Catherine of Aragon
She’s been cast as a humourless Spanish harridan, but Catherine was highly popular in England
Bitter, conservative, graceless:
Henry’s first wife (married 1509–33) has often been portrayed as a foreign harridan, lecturing her erring husband about the loyalty he lacked. This is the picture painted by Protestant historians who disliked her deeply held traditional religious views.
But, today, Catherine enjoys a far more favourable press – one that reflects the adulatory views that many of her subjects held about a queen whom they loved to the end. When Henry abandoned Catherine (he had the marriage annulled), these subjects thought of her as a wronged woman, while Anne Boleyn, her younger, sexier, replacement, was “the goggle-eyed whore”. For most of the nearly 24-year marriage, Catherine was Henry’s beloved wife.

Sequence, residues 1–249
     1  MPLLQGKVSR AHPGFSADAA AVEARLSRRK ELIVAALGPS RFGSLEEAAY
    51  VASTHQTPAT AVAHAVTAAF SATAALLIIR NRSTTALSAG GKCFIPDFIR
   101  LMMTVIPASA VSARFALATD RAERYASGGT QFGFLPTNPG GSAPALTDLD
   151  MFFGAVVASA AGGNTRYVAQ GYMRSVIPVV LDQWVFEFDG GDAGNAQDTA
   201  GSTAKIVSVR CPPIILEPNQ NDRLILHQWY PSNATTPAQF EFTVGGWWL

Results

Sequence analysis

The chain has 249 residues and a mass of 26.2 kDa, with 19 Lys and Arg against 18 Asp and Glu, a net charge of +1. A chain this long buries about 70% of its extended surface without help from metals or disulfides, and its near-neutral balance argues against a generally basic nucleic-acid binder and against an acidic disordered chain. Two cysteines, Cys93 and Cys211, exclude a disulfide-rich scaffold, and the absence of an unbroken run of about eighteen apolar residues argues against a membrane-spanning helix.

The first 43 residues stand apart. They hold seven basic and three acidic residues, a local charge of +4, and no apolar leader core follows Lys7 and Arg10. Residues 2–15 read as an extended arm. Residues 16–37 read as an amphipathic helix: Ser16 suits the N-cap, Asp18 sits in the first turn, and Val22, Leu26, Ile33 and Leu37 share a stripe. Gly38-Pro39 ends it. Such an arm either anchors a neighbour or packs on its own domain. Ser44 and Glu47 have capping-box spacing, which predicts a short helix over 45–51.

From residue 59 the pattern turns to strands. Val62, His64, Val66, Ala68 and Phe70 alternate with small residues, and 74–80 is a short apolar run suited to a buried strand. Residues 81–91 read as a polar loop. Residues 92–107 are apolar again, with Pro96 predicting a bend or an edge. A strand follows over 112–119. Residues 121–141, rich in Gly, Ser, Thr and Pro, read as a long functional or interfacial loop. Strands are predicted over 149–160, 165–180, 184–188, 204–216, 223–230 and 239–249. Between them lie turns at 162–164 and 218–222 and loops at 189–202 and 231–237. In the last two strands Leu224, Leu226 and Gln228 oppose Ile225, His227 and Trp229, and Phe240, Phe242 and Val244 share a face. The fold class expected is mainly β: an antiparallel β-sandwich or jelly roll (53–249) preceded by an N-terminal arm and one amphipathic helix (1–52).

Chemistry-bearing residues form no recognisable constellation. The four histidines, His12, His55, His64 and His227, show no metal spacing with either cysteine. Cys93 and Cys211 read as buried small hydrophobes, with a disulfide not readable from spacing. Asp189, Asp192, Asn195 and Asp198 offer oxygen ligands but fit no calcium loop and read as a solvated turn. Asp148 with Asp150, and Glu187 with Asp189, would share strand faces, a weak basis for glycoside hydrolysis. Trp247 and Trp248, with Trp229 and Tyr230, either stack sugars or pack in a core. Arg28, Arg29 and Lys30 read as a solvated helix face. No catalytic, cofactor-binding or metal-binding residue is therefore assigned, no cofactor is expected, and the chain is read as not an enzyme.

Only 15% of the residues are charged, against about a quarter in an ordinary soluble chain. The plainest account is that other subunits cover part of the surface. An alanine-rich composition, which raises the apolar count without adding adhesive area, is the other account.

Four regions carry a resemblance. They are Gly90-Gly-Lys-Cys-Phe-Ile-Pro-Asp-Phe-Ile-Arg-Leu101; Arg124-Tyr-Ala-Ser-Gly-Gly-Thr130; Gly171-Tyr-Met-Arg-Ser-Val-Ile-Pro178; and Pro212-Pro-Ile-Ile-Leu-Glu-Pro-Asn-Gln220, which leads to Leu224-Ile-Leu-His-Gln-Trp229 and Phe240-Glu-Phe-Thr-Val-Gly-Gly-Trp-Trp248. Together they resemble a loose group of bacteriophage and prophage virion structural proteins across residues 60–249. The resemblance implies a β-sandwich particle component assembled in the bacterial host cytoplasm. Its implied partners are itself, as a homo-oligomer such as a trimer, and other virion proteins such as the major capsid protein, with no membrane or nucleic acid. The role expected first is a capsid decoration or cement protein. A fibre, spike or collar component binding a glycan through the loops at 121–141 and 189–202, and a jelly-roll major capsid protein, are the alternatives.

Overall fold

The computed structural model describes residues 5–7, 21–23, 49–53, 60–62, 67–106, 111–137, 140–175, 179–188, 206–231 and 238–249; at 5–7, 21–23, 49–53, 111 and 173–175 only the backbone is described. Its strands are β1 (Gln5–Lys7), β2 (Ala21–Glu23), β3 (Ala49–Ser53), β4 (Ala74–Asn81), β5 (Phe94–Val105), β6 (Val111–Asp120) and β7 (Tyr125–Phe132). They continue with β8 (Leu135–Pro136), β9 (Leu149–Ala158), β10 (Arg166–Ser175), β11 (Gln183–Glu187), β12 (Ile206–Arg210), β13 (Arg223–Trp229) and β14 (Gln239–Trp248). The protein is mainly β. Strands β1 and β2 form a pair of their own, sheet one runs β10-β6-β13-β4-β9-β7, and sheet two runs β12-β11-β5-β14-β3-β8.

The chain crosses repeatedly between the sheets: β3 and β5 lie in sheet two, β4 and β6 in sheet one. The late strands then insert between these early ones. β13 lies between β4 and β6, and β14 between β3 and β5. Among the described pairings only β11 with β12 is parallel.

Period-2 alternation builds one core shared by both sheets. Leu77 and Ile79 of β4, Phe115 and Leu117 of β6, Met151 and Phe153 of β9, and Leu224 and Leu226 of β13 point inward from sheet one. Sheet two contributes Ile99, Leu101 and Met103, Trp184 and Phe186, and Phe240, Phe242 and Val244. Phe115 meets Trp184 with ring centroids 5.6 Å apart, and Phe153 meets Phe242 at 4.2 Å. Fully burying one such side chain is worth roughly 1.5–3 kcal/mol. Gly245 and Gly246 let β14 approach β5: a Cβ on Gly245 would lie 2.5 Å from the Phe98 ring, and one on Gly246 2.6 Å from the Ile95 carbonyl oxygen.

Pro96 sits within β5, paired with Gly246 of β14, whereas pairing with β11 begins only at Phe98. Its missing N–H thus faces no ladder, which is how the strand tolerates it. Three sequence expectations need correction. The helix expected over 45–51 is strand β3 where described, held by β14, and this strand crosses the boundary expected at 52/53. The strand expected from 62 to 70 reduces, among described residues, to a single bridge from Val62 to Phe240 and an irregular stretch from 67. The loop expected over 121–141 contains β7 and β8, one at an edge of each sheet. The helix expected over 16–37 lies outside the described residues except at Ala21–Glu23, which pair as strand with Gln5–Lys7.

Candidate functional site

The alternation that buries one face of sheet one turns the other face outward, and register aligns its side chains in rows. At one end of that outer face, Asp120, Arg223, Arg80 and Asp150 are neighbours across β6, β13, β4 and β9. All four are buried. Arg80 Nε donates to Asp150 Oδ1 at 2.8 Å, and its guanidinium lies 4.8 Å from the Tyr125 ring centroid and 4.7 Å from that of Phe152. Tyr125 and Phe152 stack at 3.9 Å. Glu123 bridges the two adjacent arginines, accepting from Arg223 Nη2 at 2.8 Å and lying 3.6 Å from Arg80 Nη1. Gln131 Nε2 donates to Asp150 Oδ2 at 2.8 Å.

She is renowned for her Spanish background – but portraits show her as surprisingly blonde. Daughter of the powerful ‘warrior queen’ Isabella of Castile, and given a royal education, Catherine was by far the best-qualified of Henry’s wives to be queen. He trusted her to rule as regent when he was fighting in France. In fact, when Catherine’s army defeated the Scots at the battle of Flodden in 1513, she was in danger of out-shining her husband.
Even her much-mentioned infertility has been overplayed: she conceived six times, but five children died (she was mother of the future Mary I). No longer seen as an inflexible foreigner, Catherine is a figure to admire.